2. At a special town meeting in Cambridge, 14 Dec. 1772, Gen. William Brattle opposed the town's vote of instructions condemning the ministerial proposal to have the Superior Court judges paid by the crown and thus rendered independent of the Province. Brattle published his reasons in the Boston News Letter
, 31 Dec. JA answered him in the Boston Gazette
, 11 Jan. 1773, and followed with six more weekly pieces, citing innumerable British legal authorities from Bracton onward, to Brattle's sole rejoinder in the same paper, 25 Jan. All these articles, preceded by the Cambridge instructions, are reprinted in JA, Works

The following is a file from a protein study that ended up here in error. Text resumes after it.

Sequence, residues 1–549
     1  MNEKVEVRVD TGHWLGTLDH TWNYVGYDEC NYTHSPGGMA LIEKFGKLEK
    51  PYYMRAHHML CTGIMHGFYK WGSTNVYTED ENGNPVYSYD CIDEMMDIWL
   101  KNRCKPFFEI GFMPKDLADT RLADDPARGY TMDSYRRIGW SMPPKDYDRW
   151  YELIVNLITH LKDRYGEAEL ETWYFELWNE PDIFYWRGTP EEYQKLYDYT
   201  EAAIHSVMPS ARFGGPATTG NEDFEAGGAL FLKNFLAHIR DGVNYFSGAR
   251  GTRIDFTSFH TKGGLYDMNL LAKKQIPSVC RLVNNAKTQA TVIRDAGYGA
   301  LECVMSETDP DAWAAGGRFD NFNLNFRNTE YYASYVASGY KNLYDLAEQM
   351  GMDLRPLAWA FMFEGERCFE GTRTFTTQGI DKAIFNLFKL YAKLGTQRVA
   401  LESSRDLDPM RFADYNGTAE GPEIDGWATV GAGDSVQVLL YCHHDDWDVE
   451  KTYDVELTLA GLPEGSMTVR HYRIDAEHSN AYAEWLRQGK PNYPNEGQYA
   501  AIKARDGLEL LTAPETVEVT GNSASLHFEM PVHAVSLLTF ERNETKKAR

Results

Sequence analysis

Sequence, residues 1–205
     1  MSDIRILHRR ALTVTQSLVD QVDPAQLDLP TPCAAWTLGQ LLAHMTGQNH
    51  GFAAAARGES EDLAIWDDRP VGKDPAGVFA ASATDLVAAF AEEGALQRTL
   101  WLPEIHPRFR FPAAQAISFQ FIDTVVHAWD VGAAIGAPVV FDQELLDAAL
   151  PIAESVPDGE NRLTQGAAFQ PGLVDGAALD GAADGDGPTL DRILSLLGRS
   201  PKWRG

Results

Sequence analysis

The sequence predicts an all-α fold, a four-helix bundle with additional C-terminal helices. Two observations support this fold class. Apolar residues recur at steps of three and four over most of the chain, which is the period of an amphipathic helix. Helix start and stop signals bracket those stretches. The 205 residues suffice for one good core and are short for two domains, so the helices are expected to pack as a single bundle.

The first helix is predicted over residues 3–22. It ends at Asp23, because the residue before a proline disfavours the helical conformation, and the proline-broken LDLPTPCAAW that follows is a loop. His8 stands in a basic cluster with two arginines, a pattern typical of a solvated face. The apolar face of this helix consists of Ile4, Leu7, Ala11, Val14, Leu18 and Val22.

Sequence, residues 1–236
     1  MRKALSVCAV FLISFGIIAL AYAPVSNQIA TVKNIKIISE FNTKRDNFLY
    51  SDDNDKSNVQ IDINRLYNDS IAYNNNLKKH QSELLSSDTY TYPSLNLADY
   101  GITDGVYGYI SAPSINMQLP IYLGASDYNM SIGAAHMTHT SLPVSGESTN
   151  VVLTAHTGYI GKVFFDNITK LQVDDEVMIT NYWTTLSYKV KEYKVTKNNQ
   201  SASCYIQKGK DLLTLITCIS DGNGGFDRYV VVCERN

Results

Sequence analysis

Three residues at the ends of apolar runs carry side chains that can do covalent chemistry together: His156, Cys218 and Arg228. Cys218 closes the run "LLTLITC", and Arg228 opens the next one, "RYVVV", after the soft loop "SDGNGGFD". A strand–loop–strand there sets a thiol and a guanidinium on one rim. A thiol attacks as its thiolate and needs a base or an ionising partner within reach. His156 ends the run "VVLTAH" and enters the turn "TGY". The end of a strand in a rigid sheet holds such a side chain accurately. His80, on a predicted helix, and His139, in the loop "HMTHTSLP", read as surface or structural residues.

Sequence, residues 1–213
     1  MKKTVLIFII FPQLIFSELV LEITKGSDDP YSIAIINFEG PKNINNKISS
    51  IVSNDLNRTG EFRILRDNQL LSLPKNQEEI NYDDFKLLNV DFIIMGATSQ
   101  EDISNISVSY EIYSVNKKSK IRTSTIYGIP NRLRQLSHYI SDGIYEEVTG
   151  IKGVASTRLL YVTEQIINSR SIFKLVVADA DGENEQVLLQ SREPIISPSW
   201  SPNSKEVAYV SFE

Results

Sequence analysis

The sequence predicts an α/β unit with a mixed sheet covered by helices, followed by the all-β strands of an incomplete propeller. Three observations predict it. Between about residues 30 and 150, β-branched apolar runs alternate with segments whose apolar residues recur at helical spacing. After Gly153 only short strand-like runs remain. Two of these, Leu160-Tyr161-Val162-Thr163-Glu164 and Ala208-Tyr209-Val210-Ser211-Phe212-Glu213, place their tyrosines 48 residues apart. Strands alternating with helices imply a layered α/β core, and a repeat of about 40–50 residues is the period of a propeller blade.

, 3:511–574. The nub of the controversy, as JA phrased it in his Autobiography, was that since “the Judges Commissions were during pleasure” (durante beneplacito)
, the judges would become “entirely dependent on the Crown for Bread [as]
well as office.” The position of Brattle and other tory advocates of the measure was that under the common law the judges held office during good behavior (quamdiu bene se gesserint
), and by the proposed mode of payment would be rendered independent of both royal and popular influence.